Social Tech eDiscovery: Twitter Guidelines for Law Enforcement

Tuesday, I provided information regarding Facebook’s Law Enforcement page with information about serving civil subpoenas. Facebook provides quite a bit of useful information regarding serving subpoenas, including the address for registered agent (to process requests), information required to identify users, fee for processing, turnaround time, and fee to expedite responses. Facebook is very informative with regard to how subpoenas are handled in terms of cost and time to process.

So, it makes sense to look at other popular social media sites to see how they are handling this issue. Twitter is probably right behind Facebook in terms of popularity in the social media world and they have a “Guidelines for Law Enforcement” page to address requests for non-public information for Twitter users.

As the Twitter policy notes, most Twitter profile information is public, so anyone can see it. A Twitter profile contains a profile image, background image, as well as the status updates, which, of course, they call “tweets”. In addition, the user has the option to fill out location, a URL, and a short “bio” section about themselves for display on their public profile. Non-public information includes “log data” such as IP address, browser type, the referring domain, pages visited, search terms and interactions with advertisements (as noted in their Privacy Policy page).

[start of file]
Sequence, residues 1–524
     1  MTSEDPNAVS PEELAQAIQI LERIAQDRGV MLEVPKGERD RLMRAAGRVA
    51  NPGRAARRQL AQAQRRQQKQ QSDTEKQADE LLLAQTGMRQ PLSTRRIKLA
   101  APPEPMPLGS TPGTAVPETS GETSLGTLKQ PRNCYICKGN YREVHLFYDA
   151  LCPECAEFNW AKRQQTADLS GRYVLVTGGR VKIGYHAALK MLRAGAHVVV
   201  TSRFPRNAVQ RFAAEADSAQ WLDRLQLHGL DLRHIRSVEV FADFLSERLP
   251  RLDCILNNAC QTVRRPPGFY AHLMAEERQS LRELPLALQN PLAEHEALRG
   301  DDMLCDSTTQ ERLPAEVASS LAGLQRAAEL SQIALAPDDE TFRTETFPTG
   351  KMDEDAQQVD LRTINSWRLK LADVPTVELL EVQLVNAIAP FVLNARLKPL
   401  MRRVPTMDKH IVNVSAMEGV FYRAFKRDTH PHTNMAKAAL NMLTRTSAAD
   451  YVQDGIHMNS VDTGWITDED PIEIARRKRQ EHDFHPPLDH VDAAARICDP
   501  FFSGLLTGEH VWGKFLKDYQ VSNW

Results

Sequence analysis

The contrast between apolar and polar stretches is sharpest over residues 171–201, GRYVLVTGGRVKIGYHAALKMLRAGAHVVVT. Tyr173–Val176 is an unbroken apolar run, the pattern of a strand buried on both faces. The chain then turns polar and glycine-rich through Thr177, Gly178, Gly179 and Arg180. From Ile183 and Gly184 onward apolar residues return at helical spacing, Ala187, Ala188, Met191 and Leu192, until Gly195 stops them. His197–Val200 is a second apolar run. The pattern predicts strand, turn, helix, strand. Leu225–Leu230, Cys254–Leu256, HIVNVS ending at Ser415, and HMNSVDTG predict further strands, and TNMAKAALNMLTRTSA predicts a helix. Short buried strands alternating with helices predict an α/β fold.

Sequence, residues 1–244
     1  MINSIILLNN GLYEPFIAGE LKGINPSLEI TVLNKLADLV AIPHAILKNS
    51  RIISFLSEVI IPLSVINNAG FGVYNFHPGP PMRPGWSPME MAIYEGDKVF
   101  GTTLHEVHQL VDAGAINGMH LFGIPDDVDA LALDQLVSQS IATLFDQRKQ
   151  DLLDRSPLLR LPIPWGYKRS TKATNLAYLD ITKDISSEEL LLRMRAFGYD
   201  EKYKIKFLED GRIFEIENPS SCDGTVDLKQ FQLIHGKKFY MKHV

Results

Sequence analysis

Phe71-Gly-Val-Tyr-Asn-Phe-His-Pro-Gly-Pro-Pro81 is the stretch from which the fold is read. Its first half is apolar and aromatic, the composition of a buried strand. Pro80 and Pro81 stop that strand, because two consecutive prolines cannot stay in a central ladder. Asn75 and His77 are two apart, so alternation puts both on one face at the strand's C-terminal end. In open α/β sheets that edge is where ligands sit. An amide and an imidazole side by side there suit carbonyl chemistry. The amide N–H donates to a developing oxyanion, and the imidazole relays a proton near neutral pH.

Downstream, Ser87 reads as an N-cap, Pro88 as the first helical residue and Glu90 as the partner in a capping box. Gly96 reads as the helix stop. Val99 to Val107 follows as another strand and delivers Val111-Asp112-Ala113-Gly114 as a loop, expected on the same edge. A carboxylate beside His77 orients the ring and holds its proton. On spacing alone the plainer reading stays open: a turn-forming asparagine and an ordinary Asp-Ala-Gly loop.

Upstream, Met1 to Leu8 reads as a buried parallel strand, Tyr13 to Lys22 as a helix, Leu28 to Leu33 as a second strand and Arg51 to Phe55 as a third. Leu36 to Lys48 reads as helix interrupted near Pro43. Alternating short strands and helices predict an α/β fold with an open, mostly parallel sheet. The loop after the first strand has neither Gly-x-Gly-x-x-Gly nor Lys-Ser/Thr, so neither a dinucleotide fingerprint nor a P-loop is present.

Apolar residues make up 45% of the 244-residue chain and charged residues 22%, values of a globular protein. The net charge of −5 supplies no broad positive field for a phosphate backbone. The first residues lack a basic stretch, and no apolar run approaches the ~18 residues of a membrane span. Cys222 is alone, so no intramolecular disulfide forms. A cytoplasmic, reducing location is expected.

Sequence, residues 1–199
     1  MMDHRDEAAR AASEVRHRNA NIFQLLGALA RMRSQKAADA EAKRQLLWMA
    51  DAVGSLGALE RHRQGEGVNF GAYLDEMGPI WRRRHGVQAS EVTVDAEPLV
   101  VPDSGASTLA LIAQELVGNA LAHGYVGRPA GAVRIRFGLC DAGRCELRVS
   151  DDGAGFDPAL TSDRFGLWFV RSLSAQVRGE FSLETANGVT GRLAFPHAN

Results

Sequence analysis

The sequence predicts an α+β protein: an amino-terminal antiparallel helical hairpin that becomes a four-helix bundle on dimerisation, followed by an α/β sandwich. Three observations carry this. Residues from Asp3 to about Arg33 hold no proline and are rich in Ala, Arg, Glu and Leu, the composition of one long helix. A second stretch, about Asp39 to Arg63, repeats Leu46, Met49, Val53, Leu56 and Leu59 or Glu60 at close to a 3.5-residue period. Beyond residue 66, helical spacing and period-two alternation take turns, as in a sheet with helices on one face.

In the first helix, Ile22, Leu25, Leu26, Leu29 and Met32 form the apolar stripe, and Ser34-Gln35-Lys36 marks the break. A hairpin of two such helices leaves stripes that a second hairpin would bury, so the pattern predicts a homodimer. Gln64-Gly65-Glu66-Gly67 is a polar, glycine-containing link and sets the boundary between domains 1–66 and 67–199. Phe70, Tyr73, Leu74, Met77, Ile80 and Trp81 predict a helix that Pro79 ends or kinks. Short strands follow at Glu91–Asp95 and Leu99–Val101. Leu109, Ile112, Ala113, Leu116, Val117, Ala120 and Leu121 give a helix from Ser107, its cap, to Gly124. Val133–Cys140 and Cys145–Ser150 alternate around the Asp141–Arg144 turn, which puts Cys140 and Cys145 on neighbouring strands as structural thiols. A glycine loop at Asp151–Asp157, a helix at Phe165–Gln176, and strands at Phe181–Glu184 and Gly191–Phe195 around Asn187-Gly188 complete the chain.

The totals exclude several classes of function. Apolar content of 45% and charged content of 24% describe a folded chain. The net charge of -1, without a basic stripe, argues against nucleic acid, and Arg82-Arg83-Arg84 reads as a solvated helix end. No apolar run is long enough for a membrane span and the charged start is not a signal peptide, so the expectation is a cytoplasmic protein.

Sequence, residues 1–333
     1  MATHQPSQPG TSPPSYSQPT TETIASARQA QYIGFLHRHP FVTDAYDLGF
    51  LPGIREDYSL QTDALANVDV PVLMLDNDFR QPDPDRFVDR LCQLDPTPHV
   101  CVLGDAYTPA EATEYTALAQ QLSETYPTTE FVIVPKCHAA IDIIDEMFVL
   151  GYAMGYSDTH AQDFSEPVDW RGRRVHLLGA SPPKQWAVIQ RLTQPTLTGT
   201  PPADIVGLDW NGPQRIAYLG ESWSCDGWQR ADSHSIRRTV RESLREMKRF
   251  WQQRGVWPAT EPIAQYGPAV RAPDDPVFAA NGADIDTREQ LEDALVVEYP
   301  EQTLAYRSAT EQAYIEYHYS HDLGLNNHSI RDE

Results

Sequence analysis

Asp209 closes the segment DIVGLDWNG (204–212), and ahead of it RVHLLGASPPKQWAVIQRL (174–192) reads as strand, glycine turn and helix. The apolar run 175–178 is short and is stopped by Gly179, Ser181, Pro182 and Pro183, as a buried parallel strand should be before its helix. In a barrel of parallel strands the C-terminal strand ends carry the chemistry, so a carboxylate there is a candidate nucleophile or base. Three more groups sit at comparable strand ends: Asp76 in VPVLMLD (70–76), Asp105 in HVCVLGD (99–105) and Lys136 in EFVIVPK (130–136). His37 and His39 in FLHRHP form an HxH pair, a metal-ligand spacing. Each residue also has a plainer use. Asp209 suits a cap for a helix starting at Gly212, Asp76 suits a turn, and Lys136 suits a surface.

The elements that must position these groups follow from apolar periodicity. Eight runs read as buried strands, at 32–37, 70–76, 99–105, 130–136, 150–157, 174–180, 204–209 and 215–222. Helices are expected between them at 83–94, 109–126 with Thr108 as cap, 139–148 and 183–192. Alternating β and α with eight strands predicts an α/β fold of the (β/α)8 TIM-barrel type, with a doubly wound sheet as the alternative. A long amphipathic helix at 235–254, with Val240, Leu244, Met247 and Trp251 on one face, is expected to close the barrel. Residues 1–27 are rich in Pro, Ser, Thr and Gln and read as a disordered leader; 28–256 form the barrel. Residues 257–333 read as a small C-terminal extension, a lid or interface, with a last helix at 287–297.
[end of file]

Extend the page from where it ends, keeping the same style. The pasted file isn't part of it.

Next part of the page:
Twitter doesn’t provide any cost information regarding processing subpoena requests, nor do they address standard turnaround times or fees to expedite processing. Their policy is to notify users of requests for their information prior to disclosure unless they are prohibited from doing so by statute or court order and they do require the URL of the Twitter profile in question to process any subpoena requests. They do provide email, fax and physical address contact information to address user information requests. FYI, only email from law enforcement domains will be accepted via the email address. Preservation requests must be signed with a valid return email address, and sent on law enforcement letterhead. Non-law enforcement requests should be sent through regular support methods (via their main support page).

So, what do you think? Have you ever needed to file a subpoena on Twitter? Please share, or let us know or if you’d like to know more about a particular topic.

eDiscovery Searching 101: Sites for Common Misspellings